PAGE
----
There are many ways you can benefit from therapy. You will find my therapeutic approach is geared towards treating the “whole person”. What this means is that I will work with you and not just your symptoms. By coming to therapy, you will learn certain skills and strategies to not only address the issue you want to work on but also address your overall well being.
It’s also important to note that you don’t need a “psychological disorder” to attend therapy. Many clients come to therapy because they’re looking for personal or spiritual growth. It’s a way of taking time out of their very busy life to work with someone who is dedicated to helping them discover and become their “best self”.
During your first session I will meet with you to help you identify issues you want to work on in therapy and goals to be accomplished. Some clients come to therapy ready to get to work. Other clients may need more time to decide if I am the right person to help them move forward. Either way, my goal is to meet you where you’re at. I believe that trust is earned by allowing you to go at your own pace.
Friends are a great source of support, love and kindness. In fact, we might even consider some of our friends as family.
But why is it clients with a great support network still feel the need to seek therapy?
First and most important, our sessions are completely private. You don’t have to worry about someone accidentally spilling the beans to family or friends.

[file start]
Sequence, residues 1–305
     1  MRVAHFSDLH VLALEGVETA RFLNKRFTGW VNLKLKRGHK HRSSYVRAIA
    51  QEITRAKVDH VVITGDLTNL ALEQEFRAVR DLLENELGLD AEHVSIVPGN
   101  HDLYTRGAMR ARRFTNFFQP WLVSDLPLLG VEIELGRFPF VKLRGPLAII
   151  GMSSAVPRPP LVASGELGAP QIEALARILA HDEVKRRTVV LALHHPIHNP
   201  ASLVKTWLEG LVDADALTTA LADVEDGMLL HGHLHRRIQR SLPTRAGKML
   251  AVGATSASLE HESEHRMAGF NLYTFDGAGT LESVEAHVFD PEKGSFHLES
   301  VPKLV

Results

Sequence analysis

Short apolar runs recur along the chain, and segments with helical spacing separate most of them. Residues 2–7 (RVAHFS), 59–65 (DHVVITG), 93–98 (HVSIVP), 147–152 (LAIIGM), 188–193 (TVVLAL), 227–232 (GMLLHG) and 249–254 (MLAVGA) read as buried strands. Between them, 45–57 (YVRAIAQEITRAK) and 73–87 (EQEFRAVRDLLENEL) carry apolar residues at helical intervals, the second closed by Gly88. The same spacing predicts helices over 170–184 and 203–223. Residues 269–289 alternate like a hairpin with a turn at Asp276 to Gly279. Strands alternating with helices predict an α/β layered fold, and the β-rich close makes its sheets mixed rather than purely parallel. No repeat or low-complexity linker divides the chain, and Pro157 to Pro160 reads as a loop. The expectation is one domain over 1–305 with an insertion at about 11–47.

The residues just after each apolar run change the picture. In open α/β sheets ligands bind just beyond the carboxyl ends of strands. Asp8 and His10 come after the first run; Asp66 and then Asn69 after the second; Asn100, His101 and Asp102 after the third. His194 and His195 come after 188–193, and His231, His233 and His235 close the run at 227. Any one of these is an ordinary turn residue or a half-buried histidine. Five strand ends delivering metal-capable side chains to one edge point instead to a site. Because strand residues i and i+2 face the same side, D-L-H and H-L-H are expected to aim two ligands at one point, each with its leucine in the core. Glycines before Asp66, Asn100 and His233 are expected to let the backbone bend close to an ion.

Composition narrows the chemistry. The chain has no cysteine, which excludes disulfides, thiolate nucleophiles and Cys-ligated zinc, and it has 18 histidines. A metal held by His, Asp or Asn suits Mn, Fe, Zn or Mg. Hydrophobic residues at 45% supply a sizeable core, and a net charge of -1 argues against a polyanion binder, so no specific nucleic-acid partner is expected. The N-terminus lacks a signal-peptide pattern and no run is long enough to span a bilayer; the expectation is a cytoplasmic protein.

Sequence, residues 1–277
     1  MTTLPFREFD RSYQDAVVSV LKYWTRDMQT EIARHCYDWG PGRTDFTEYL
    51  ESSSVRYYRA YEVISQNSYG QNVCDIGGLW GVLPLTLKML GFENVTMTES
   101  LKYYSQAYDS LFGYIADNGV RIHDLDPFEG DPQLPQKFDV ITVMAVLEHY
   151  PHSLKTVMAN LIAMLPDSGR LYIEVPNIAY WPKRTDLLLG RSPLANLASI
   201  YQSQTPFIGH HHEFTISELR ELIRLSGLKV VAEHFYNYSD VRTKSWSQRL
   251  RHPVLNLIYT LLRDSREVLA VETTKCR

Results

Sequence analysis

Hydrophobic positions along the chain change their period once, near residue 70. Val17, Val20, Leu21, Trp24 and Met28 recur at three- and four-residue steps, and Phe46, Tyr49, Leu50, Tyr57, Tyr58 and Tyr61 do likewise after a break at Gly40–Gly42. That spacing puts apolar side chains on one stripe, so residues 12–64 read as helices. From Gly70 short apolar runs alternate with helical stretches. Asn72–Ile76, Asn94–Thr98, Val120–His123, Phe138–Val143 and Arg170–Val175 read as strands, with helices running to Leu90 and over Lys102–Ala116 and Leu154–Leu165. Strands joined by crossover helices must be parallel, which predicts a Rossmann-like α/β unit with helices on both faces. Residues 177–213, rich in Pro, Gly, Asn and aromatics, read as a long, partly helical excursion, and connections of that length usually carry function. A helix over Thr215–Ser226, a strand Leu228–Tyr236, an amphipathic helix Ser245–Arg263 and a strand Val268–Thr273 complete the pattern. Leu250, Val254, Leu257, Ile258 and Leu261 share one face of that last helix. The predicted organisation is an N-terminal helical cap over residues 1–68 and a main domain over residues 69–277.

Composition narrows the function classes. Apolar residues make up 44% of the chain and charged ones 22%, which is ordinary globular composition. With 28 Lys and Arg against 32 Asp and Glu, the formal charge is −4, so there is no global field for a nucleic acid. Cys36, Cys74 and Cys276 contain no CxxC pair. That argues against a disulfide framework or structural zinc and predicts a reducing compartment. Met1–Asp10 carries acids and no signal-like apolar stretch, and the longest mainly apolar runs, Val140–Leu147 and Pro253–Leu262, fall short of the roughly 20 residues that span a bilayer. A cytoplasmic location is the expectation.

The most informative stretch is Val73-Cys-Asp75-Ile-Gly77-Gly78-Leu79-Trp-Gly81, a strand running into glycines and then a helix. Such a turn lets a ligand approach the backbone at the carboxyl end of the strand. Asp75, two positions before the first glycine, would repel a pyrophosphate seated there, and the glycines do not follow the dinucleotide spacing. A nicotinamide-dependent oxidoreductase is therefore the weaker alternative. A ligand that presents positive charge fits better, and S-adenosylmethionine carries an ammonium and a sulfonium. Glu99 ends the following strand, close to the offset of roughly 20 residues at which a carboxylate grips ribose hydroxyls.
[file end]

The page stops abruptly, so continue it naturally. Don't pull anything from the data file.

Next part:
Second, by seeing a therapist, you are working with someone who is trained to diagnose and/or point out patterns of behavior that might be detrimental to your overall well being.
Finally, most friends want to support you, not hurt you. Therefore, often times friends tell you what you want to hear, rather than what you need to hear. The power of therapy is discovering your own solutions that teach you to remember your path to enlightenment so you can find it again when you need it.
The relationship between therapist and client is protected by law and information cannot be disclosed without written consent. The only exceptions are if and when there is suspected child abuse/neglect or when the client threatens serious harm to self or others, in which case every effort is made to ensure the safety of those affected as required by law.
Treatment decisions are often decided by guidelines enforced by insurance reviewers who often do not have an understanding of your specific needs. Unfortunately, mental health care is often subject to coverage limits that are a fraction of the coverage provided for other illnesses. For example, if we determine a psychiatric evaluation or ongoing psychotherapy is the best treatment option, you’ll most likely need the approval of a disengaged third party who is detached from day-to-day psychological/psychiatric care.
Furthermore, in order for insurance to be utilized, the therapist is often required to provide a diagnosis to justify ongoing treatment which may become part of your permanent medical record. Additionally, managed care organizations and insurance companies can require detailed information about your psychiatric history as a condition of payment. I fundamentally believe being mandated to provide private and confidential information to insurance companies violates the confidence and trust between the therapist and client.